At 74, Young remains prolific, churning out new albums almost every year. Not counting combined efforts with Buffalo Springfield and Crosby, Stills, Nash & Young, Homegrown is his 40th studio album—or his eighth, if you go by when it was recorded. During his restless and relentless recording history, Young has also accumulated a less prolific career’s worth of unreleased studio or live albums. To this point, the Neil Young Archives collection has mostly documented concerts spanning the ’60s, ’70s, ’80s, and ’90s, but Young has recently set his sights on releasing some of his studio leftovers. In 2017, he released Hitchhiker, an all-acoustic set from a 1976 studio session. Eight of its 10 tracks had already been released in some form, and the lack of new material and stripped-down production made Hitchhiker more of a treat for Young completists than an object of historical significance. Homegrown, however, was the most coveted treasure in Young’s voluminous vault, a tantalizing, long-lost gem that stood near the top of many a musical geologist’s most-wanted list. When Rolling Stone published a list last August of “15 Legendary Unreleased Albums,” Homegrown had a prominent place.
Homegrown’s not-nearly-unknown legend stems from the productive, tumultuous time in which it was made, as well as the story of why it wasn’t released sooner. In the seven years beginning with 1969’s Everybody Knows This Is Nowhere—his first team-up with longtime backing band Crazy Horse—Young made eight revered records (including CSNY’s Déjà Vu), all while completing multiple major tours solo or with CSNY, dealing with drug use (his own and his friends’), getting divorced, starting another long-term relationship (and having a son) with actress Carrie Snodgress, breaking up with Snodgress, and meeting his future wife Pegi. Somehow, he had time to record and shelve Homegrown during that same frantic, fruitful stretch.
As Young’s 20s were winding down, he was tapping straight into the source of his most memorable melodies. In Shakey, Jimmy McDonough’s 2002 biography of Young, David Briggs, Young’s friend and frequent producer, reminisced about Young’s almost mystical mid-’70s songwriting powers. “He’d turn to me and go, ‘Guess I’ll turn on the tap’—and then out came ‘Powderfinger,’ ‘Pocahontas,’ ‘Out of the Blue,’ ‘Ride My Llama.’ Two days, a day. I’m not talkin’ about sittin’ down with a pen and paper, I’m talkin’ about pickin’ up a guitar, sittin’ there and lookin’ me in the face and in 20 minutes—‘Pocahontas.’ No lyric sheet, no pen, no paper, none of that bullshit. Just ‘I picks up the guitar and the demon takes control.’”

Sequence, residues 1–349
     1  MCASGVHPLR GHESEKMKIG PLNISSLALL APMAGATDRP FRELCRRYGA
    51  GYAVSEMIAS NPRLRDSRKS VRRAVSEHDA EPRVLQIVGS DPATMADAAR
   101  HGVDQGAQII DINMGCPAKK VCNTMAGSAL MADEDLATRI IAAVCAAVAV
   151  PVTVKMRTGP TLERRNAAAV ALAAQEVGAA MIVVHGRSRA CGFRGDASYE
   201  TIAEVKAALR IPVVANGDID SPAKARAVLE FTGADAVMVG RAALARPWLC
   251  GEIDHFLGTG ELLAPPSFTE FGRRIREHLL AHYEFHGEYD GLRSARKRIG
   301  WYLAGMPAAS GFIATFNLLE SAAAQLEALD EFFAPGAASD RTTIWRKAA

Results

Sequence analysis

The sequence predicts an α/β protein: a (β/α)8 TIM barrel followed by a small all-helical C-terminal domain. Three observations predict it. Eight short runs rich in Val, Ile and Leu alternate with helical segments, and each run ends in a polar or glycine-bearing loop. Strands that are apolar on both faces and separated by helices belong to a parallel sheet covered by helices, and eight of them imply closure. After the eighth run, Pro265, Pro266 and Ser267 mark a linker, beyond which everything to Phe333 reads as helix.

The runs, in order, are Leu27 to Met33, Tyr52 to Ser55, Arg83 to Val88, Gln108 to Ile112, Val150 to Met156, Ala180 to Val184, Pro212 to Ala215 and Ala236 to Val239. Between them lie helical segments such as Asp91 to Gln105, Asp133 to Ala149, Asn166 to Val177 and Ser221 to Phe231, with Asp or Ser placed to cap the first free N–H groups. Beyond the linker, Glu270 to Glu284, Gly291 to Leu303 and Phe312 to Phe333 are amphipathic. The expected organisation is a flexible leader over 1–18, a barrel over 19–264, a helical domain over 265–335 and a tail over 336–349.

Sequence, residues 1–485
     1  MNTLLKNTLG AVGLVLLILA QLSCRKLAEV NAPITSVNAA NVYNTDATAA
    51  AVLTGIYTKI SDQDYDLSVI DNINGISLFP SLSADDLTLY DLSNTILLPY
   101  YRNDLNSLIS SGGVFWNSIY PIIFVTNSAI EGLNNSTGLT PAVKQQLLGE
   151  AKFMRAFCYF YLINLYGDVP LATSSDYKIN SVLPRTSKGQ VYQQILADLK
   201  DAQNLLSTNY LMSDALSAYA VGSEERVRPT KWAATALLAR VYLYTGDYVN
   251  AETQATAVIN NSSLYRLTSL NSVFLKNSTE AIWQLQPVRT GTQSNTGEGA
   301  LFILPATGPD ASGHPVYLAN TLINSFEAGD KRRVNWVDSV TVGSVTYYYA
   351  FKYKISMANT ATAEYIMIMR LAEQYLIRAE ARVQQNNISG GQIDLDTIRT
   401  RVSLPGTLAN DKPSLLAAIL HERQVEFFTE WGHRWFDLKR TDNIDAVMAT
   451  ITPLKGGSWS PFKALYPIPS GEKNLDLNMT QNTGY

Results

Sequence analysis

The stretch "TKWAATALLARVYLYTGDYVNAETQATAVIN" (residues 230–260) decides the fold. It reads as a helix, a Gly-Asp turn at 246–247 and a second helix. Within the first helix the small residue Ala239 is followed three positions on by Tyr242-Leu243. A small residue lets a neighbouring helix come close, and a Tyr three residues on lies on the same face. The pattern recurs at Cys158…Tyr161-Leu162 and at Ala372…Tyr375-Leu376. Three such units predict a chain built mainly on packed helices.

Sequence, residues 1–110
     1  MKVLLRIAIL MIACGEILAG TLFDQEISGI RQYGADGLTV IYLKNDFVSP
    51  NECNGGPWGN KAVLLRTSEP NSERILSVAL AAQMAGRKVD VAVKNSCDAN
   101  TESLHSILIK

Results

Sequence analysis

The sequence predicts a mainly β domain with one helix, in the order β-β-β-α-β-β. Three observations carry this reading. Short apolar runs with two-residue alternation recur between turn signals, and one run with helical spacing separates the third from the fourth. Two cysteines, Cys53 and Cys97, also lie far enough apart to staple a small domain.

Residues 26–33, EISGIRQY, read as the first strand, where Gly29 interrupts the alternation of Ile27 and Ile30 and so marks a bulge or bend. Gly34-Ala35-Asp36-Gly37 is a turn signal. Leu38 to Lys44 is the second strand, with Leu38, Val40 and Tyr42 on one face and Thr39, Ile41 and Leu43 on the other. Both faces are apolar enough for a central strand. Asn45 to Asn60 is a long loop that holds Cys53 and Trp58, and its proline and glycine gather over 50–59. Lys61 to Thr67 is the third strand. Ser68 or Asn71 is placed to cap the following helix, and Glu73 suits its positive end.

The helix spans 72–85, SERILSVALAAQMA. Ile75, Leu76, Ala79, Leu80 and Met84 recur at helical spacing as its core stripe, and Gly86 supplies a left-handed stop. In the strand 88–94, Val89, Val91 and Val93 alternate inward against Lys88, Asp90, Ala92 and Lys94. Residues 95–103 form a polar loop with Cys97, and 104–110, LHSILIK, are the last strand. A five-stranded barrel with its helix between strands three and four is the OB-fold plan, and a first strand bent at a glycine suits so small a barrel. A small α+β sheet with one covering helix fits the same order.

The only force that could slow the stream of songs from reaching radios and record stores was Young’s somewhat fickle feelings about his own work. Homegrown was one of the musical casualties. After 1972’s Harvest catapulted Young into solo superstardom, a series of personal tragedies and dysfunctional tours darkened his tone and dampened his commercial appeal. The drug-induced death of Crazy Horse guitarist Danny Whitten in 1972 led to the traumatic tour captured in the 1973 live album Time Fades Away, which Young later described as “my least favorite record” and “the worst record I ever made.” The subsequent death of roadie Bruce Berry, who’d picked up his heroin habit from Whitten, prompted the recording of Tonight’s the Night in the summer of ’73. Young and his label sat on and tinkered with the raw, anguished record for almost two years, during which Young recorded and released the mellow but bleak On the Beach, embarked on the 1974 “Doom Tour” with CSNY and abandoned attempts to complete the supergroup’s opus Human Highway, split with Snodgress, and made Homegrown, which superficially sounded more like the largely pastoral and accessible Harvest.